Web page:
rmoff

March 5, 2010

Securing OBIEE Systems Management JMX for remote access

Filed under: jmx, obiee, security, systemsmanagement — rmoff @ 17:21

JMX

OBIEE’s Systems Management functionality exposes performance counters and the application’s configuration options through Java MBeans and optionally a protocol called JMX.

It’s extremely useful, and is documented pretty widely :

In this article I’m going to discuss the use of JMX to access these counters remotely, and a possible security issue that’s present in the BI Management Pack manual. The BI Management Pack is an add-on to Oracle’s Enterprise Manager / Grid Control for managing OBIEE, see Mark Rittman’s excellent guide on Oracle’s website.

Security Issue

To access Systems Management data remotely you need to start the JMX agent, having configured it for remote access first. However, if you are lazy, and/or follow the configuration in the BI Management Pack manual, and set com.sun.management.jmxremote.authenticate=false anyone can update your OBIEE configuration if they have network access to your server and a client for JMX (such as jconsole, part of standard java distribution) and time to guess the port number. This is not cool. Ever played with AUTHENTICATION=BYPASS_NQS?

The latest Java documentation (now with an Oracle logo!) does address this:

Caution – This configuration is insecure. Any remote user who knows (or guesses) your JMX port number and host name will be able to monitor and control your Java application and platform. While it may be acceptable for development, it is not recommended for production systems.

To be clear – if you’re not running the JMX Agent, this is all irrelevant. It’s only if you’re running it and haven’t thought through the consequences of the configuration.

Making the JMX Agent more secure

One way to secure the JMX agent is to use password authentication. The other is to set up SSL. The following demonstrates how to enable password authentication.

Please note – the following covers how to password-protect the JMX agent. It isn’t making it bullet-proof, and there’s no reason why a dictionary attack against it wouldn’t work as there’s no lockout. This also means it’s a good reason not to use a default username from the config files. Note also the following warning in the Java documentation: (if anyone can translate it into english I’d be grateful 😉 )

“WARNING: A potential security issue has been identified with password authentication for JMX remote connectors when the client obtains the remote connector from an insecure RMI registry (the default). If an attacker starts a bogus RMI registry on the target server before the legitmate one is started, then the attacker can steal clients’ passwords.”

To enable password authentication you need to edit three files.
The first file to edit is the agent script, runagent.sh. You’ll find this in $ORACLEBI_HOME/systemsmanagement.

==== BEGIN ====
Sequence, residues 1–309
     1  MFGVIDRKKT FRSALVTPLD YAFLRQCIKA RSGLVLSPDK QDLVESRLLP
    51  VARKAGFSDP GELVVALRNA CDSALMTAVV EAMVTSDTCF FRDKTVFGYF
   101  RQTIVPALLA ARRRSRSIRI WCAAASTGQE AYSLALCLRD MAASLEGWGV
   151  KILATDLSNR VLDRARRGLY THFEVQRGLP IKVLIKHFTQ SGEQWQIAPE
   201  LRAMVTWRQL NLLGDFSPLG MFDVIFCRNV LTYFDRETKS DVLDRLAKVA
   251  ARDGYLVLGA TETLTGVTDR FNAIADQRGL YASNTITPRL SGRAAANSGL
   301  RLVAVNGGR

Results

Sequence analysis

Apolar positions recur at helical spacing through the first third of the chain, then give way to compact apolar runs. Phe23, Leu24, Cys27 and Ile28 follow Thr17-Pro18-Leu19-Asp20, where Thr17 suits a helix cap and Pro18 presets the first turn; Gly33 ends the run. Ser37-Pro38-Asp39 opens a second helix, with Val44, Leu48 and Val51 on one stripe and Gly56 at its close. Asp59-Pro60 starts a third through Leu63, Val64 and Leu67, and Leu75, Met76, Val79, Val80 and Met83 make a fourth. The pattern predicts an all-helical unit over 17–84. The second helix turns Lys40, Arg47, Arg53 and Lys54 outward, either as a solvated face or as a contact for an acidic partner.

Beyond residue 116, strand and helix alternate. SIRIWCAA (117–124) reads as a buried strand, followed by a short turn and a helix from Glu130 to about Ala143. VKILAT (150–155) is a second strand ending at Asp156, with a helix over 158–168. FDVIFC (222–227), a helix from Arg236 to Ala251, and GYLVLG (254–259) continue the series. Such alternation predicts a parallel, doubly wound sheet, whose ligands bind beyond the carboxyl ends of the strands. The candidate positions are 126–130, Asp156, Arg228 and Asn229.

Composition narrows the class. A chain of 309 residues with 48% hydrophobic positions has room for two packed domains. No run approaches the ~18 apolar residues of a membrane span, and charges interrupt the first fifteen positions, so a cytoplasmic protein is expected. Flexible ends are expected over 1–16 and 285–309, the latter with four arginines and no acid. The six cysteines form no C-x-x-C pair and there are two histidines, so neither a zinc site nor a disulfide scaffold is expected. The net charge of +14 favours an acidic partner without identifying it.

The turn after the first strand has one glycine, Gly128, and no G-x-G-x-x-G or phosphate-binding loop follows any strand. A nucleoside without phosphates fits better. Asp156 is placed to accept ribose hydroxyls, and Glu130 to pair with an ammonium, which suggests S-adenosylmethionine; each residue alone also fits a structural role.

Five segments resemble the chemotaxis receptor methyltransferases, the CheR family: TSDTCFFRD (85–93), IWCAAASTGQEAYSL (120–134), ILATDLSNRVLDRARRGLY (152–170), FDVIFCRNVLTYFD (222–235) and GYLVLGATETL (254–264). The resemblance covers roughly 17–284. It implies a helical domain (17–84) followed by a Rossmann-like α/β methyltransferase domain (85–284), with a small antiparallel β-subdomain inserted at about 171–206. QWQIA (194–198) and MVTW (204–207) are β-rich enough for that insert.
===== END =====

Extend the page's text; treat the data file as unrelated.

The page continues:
By default, the file looks like this:

#!/bin/sh
# this is a template of runagent.sh to be used on Unix.
# The installer will fill in JAVA_HOME, SAROOTDIR, and SATEMPDIR

export JAVA_HOME=/usr/java/jdk1.6.0_17
export SAROOTDIR=/app/oracle/product/obiee
export SADATADIR=/data
export SATEMPDIR=/data/tmp
export UNIXPERFDIR=${SATEMPDIR}

java_cmd="${JAVA_HOME}/bin/java -Djava.library.path=${SAROOTDIR}/server/Bin -Dcom.sun.management.jmxremote -classpath analytics-jmx.jar:lib/xmlparserv2.jar oracle.bi.analytics.management.StandardConsoleAgent"

${java_cmd}

To enable remote access to the JMX agent you change the java_cmd to the following:

java_cmd="${JAVA_HOME}/bin/java -Djava.library.path=${SAROOTDIR}/server/Bin -Dcom.sun.management.jmxremote -Dcom.sun.man
agement.jmxremote.port=9980 -Dcom.sun.management.jmxremote.authenticate=false -Dcom.sun.management.jmxremote.ssl=false -
classpath analytics-jmx.jar:lib/xmlparserv2.jar oracle.bi.analytics.management.StandardConsoleAgent"

Note that jmxremote.authenticate is set to false. To secure the JMX agent you change it to true:

java_cmd="${JAVA_HOME}/bin/java -Djava.library.path=${SAROOTDIR}/server/Bin -Dcom.sun.management.jmxremote -Dcom.sun.management.jmxremote.port=9980 -Dcom.sun.management.jmxremote.authenticate=true -classpath analytics-jmx.jar:lib/xmlparserv2.jar oracle.bi.analytics.management.StandardConsoleAgent"

Now note what JAVA_HOME is set to in the runagent.sh file (in the above example it’s /usr/java/jdk1.6.0_17). Navigate to this directory, and then to jre/lib/management. You should see these four files:

jmxremote.access
jmxremote.password.template
management.properties
snmp.acl.template

Create a copy of jmxremote.password.template to a file called jmxremote.password. Open the file and you’ll see two default users (or “roles”) as the documentation calls them.